Pablo Alonso González

Nano-optics on 2D materials

Control of light at the nanoscale on a natural 2D landscape.

With the advent of two-dimensional (2D) materials and their extraordinary optical properties, during the last years first visualizations of both low-loss and electrically tunable plasmons in graphene [1,2] and high optical quality phonons in monolayer and multilayer h-BN nanostructures have been shown in the mid-infrared spectral range, thus introducing a very encouraging arena for scientifically ground-breaking discoveries in the field of nano-optics. Indeed, first proof-of-concept devices permitting to control the propagation of graphene plasmons, such as a lens and a prism, have been demonstrated [3]. Importantly, these initial achievements were possible by the development of an innovative optical scheme in scattering-type near-field optical microscopy (s-SNOM), so far the only tool that allows for imaging 2D plasmons in real space [4]. Inspired by this unique capability and the extraordinary prospects given by our initial experiments, we aim in the next years to develop the fields of 2D nanoplasmonics (using graphene plasmons) and nanophononics (using phonon polaritons) to establish a technological platform that, including coherent sources, waveguides, routers, and efficient detectors [5], permits an unprecedented active control and manipulation of light and light-matter interactions on the nanoscale and at room temperature, thus laying the foundations of the field 2D nano-optics.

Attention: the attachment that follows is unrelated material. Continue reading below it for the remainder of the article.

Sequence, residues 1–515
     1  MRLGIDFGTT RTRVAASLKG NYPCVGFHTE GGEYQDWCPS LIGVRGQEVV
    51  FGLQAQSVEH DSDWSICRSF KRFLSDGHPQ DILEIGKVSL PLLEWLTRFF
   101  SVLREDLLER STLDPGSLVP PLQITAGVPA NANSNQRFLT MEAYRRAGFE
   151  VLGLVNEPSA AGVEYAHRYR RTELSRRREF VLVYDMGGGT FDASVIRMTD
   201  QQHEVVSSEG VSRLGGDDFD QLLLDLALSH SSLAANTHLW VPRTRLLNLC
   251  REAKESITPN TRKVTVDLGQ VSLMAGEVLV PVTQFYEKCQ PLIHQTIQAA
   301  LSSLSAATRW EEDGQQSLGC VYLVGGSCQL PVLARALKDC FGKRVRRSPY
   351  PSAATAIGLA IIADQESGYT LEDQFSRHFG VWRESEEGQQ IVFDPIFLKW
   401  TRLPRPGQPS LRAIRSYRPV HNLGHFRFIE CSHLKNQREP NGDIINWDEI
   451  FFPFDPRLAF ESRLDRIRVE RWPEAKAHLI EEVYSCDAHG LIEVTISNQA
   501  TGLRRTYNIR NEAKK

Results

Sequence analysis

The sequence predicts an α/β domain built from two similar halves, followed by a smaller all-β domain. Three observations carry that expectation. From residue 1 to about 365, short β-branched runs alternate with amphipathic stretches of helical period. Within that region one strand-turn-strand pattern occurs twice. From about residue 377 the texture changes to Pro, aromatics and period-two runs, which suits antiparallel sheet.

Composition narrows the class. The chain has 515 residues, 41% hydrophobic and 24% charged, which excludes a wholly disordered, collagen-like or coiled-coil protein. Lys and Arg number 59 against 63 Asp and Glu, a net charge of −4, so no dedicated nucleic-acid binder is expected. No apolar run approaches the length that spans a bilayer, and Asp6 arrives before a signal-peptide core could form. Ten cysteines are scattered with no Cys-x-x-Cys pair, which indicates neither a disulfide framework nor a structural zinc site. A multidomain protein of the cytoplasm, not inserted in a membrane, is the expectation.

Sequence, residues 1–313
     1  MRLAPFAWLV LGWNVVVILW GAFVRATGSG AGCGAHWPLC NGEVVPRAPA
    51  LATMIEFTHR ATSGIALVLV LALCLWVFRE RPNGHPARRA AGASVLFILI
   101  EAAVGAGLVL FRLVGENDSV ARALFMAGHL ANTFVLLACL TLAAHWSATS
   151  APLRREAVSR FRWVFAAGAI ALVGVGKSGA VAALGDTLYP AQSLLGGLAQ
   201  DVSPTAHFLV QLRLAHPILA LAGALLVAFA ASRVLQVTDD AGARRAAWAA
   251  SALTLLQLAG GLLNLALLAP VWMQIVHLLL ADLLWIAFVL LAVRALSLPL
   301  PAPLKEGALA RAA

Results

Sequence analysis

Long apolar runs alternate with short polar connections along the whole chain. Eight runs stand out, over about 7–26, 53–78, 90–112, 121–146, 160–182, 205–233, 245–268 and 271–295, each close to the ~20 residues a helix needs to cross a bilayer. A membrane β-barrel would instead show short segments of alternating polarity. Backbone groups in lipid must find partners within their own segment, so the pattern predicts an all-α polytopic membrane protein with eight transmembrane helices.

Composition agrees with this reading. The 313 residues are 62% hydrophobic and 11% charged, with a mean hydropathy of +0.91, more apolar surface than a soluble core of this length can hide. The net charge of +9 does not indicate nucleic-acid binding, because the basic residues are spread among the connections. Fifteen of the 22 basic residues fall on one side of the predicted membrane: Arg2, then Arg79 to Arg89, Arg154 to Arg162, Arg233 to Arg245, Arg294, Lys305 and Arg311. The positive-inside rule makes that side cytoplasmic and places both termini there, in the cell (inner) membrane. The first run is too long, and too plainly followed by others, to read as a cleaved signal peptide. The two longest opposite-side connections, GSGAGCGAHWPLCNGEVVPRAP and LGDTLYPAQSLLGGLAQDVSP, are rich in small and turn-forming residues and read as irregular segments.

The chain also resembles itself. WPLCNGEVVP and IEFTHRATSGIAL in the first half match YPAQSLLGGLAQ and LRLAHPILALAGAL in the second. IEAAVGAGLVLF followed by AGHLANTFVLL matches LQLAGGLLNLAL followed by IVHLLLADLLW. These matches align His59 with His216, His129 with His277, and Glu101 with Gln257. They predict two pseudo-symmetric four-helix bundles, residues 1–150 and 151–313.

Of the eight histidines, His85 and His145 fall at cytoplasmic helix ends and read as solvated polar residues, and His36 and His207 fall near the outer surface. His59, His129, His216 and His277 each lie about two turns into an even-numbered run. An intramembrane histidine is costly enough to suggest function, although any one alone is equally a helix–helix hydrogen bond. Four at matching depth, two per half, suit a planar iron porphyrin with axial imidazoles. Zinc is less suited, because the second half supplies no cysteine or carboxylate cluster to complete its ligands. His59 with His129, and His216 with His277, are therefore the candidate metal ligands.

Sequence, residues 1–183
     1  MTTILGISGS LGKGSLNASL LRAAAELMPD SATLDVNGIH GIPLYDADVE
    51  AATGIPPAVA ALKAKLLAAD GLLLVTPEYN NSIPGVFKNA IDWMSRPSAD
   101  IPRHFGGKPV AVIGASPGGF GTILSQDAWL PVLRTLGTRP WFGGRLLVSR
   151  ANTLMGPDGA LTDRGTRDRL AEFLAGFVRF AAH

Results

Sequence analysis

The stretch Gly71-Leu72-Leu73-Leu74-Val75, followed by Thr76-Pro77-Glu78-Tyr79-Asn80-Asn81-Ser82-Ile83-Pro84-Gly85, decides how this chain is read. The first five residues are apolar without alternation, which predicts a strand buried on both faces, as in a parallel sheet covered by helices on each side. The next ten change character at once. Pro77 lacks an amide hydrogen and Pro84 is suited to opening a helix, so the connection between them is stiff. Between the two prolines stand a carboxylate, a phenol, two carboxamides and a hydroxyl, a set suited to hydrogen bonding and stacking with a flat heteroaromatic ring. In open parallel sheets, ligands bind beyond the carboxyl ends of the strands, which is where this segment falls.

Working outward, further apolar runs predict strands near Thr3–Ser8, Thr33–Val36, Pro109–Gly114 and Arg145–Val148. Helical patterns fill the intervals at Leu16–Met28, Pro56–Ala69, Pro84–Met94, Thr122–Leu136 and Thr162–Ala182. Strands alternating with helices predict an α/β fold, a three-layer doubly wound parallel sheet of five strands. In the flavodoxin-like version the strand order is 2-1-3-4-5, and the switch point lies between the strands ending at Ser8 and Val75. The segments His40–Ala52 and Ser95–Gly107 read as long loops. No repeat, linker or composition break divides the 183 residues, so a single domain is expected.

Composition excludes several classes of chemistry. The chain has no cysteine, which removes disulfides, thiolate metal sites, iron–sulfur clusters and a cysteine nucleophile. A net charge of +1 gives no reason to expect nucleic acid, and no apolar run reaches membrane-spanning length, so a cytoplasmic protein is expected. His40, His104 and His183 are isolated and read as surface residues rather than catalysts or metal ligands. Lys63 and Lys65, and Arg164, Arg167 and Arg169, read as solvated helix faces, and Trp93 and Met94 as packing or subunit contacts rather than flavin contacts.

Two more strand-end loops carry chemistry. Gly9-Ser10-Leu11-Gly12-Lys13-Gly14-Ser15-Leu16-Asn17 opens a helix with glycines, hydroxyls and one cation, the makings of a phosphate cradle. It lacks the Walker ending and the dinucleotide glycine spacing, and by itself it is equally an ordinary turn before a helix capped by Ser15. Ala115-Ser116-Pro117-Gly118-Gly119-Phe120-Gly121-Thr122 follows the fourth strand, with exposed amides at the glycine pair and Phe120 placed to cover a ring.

Advances in this direction will have an enormous scientific importance and technological relevance in a variety of fields such as sensing, optoelectronic information processing, non-linear optics, quantum science, or photochemistry, where active control of fundamental nanoscale light-matter processes are of vital importance.


1. J. Chen*, M. Badioli*, P. Alonso-González*, S. Thongrattanasiri*, F. Huth*, J. Osmond, M. Spasenović,  A. Centeno, A. Pesquera, P. Godignon, A. Zurutuza, N. Camara, J. Garcia de Abajo, R. Hillenbrand, and F. Koppens. “Optical nano-imaging of gate-tuneable graphene plasmons”, Nature, 487, pp77-81 (2012).

2.  A. Woessner, M.B. Lundeberg, Y. Gao, A. Principi, P. Alonso-González, M. Carrega, K. Watanabe, T. Taniguchi, G. Vignale, M. Polini, J. Hone, R. Hillenbrand, and F.H.L. Koppens, “Highly confined low-loss plasmons in graphene–boron nitride heterostructures”, Nature Materials, 14, 421-425 (2015).

3.  P.Alonso-González, A.Y. Nikitin, F. Golmar, A. Centeno, A. Pesquera, S. Vélez, J. Chen, F. Koppens, A. Zurutuza, F. Casanova, L.E. Hueso, and R. Hillenbrand. “Launching and wavefront-engineering of propagating graphene plasmons with resonant metal antennas”, Science 344, 1369 (2014). 

4. A. Y. Nikitin, P. Alonso-González, S. Vélez, S. Mastel, A. Centeno, A. Pesquera, A. Zurutuza, F. Casanova, L. E. Hueso, F. H. L. Koppens, and R. Hillenbrand “Real-space mapping of tailored sheet and edge plasmons in graphene nanoresonators”, Nature Photonics, 10 (4), 239, (2016).

5. P. Alonso-González, A. Y. Nikitin, Y. Gao, A. Woessner, M. B. Lundeberg, A. Principi, N. Forcellini, W. Yan, S. Vélez, A. J. Huber, K. Watanabe, T. Taniguchi, L. E. Hueso, M. Polini, J. Hone, F. H. L. Koppens, and R. Hillenbrand “Acoustic terahertz graphene plasmons revealed by photocurrent nanoscopy”, Nature Nanotechnology, 12 (1), 21, (2017).

© 2020 by osnolaleva. 

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